lua-users home
lua-l archive

[Date Prev][Date Next][Thread Prev][Thread Next] [Date Index] [Thread Index]

On Jan 7, 2010, at 4:37 PM, Edgar Toernig wrote:

> Roberto Ierusalimschy wrote:
>>  in t do command end 
>> is translated to
>>  do
>>    local _temp = t;
>>    <command>
>>  end
>> and all acesses to <global> inside command are changed to
> Hm... just my 2c: I was never comfortable with the whole fenv concept
> (each function carries its own table of globals).  IMHO it's too clever
> and produces more confusion then it gives features.  I saw not one use of
> it that did not trigger my "dirty hack" radar.
> I was glad to hear that setfenv&co should be removed in 5.2 and replaced by
> a new "in" statement.  Initially I thought, interesting, dynamic binding for
> globals (like: push a new global table on a stack of globals, pop on "end"
> and "error") but the more I read about the planned changes, the more I think,
> the replacement is not better then the fenv stuff.  It seems to really just
> replace one use case of the setfenv function with syntax (and needs new
> functions for the other use cases).  As the setfenv function is probably
> under the least used functions in the stdlibs, I see no reason which justifies
> that it gets its own syntax.  IMHO, even pcall would make more sense ...
> ET, who only needs two kind of variables: locals and globals, not something
> inbetween.

I've been trying to pull together a more detailed assessment of my reaction to lexical environments, but I'm still reacting and assessing.

I will say that I can appreciate the desire to deprecate setfenv and getfenv. There is a highly-legitimate use for setfenv with respect to sandboxing, but this can better be dealt with as part of the load process. The other uses for these functions seem to be more like the sort of tricks one sees in FORTH leveraging fairly detailed knowledge about the runtime model and as such they feel out of harmony with the rest of the language. One of the things I dislike about the module function changing the environment is that it doesn't have a scope limit. That's fixed with 5.2's lexical environments except that it isn't for compatibility reasons.

Maybe we will start writing object methods as in self do ... end. However, I rather like the explicitness of referencing self because it makes it clear which values are coming from where. Furthermore, since in self blows away all other access to globals, one had better have made sure to import them into lexically scoped locals first. That's arguably a good thing to do in many cases for performance reasons, but it is also a subtlety likely to cause people to spend more time debugging trying to figure out why the call to print in their object method doesn't work. Finally, the code "in self do method() end" will look the method up in self, but it won't pass self to it when it calls it. If one wants to go this route, I think one gets driven fairly rapidly to something like JavaScript's implicit "this" and all of the bizarre behavior that engenders. Just don't go there.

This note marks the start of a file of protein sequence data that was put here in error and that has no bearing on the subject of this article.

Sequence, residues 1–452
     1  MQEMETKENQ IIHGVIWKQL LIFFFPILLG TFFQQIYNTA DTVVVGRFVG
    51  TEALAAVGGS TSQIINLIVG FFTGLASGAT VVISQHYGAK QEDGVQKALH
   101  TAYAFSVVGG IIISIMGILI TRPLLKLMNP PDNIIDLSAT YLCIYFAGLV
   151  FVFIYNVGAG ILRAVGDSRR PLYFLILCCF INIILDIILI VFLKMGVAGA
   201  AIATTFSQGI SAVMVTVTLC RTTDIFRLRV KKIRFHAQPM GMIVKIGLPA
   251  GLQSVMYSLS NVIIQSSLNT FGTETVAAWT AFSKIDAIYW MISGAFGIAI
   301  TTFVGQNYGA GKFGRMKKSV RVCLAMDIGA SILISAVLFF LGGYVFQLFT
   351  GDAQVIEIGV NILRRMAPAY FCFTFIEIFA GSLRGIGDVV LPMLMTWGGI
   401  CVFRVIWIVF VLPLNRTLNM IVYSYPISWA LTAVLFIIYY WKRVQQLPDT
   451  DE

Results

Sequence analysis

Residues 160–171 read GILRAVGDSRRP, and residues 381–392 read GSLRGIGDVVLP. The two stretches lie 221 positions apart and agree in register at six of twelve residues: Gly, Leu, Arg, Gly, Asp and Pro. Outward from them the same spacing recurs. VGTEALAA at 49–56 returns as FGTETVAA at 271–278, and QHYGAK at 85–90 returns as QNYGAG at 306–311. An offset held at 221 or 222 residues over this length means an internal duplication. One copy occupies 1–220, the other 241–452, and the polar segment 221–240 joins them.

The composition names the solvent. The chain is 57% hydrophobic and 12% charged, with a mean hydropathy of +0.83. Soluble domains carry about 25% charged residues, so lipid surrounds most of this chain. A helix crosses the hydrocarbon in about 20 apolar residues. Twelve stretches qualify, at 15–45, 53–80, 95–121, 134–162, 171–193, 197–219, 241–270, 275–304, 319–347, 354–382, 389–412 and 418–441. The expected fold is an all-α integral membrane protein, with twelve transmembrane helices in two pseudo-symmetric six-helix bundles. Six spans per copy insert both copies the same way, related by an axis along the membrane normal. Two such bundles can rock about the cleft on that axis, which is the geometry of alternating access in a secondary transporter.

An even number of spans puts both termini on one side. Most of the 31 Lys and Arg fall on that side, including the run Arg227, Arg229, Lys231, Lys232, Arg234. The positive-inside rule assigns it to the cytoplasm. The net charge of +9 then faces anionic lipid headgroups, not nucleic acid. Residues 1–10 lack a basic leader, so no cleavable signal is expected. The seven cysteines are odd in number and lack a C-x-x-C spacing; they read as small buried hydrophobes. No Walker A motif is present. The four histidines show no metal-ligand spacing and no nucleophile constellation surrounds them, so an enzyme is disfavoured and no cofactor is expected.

So, that leaves the case of filling out tables with additional values. In addition to the need for global-by-default in a REPL context, config files are probably one of the other big arguments for global-by-default and custom environments for loaded scripts. But is code in the midst of a script really like a config file?

What we seem to be aiming for has more to do with easy table construction. When we build a module, we want to populate the corresponding table with the functions for the module. But if this is really the case, then there are lots of other examples (e.g., Aranha) of how to extend Lua's syntax to make table construction easier. The table scope proposals ( also attack some of these problems. Both of these seem more useful than the lexical environments in 5.2 because they preserve the existing environment to at least some extent. At the very least, if this about table construction, then the lexical environments construct should probably be an expression rather than a statement and should return the environment -- e.g., let me write something like:

	package.register "stuff" {

		function foo() end

		function baz() end

		if its_dark_outside() then -- its_dark_outside should be able to be a global reference
			function firefly() end


Actually, if we look at table scopes and we look at extended table construction syntax, what we see is that there is an interesting complementarity between temporarily adding access to an additional set of global names (reading -- e.g., the table scopes case) and making it more convenient to set fields in a table being constructed (writing -- e.g., the module case).

Another direction to look on this front is toward dynamically scoped variables. The reason to read from globals is frequently because it is too cumbersome to pass everything as a parameter. The logical end point for that seems to be something like the PostScript dictionary stack. When we read a global variable, we start at the top of the stack and start looking for a definition. When we write a global variable, we write it into the topmost entry on the stack. This actually turns out to be quite powerful and makes various pieces of code much easier to repurpose because one can redefine the values of the globals they use on a limited basis. I can imagine a really interesting synergy between lexically scoped variables and dynamic variables handled via a table stack. I also, however, don't know how this would interact with sandboxing unless the equivalent of setfenv was assigning the table stack for a function.

As things stand in 5.2, however, the in statement feels like a less successful (because of the problems with completely hiding the containing environment) version of the Pascal WITH statement which Wirth dropped by the time he got to Oberon. (The Oberon WITH does a typecast.)

But maybe I'm just missing the use case and I look forward to being enlightened.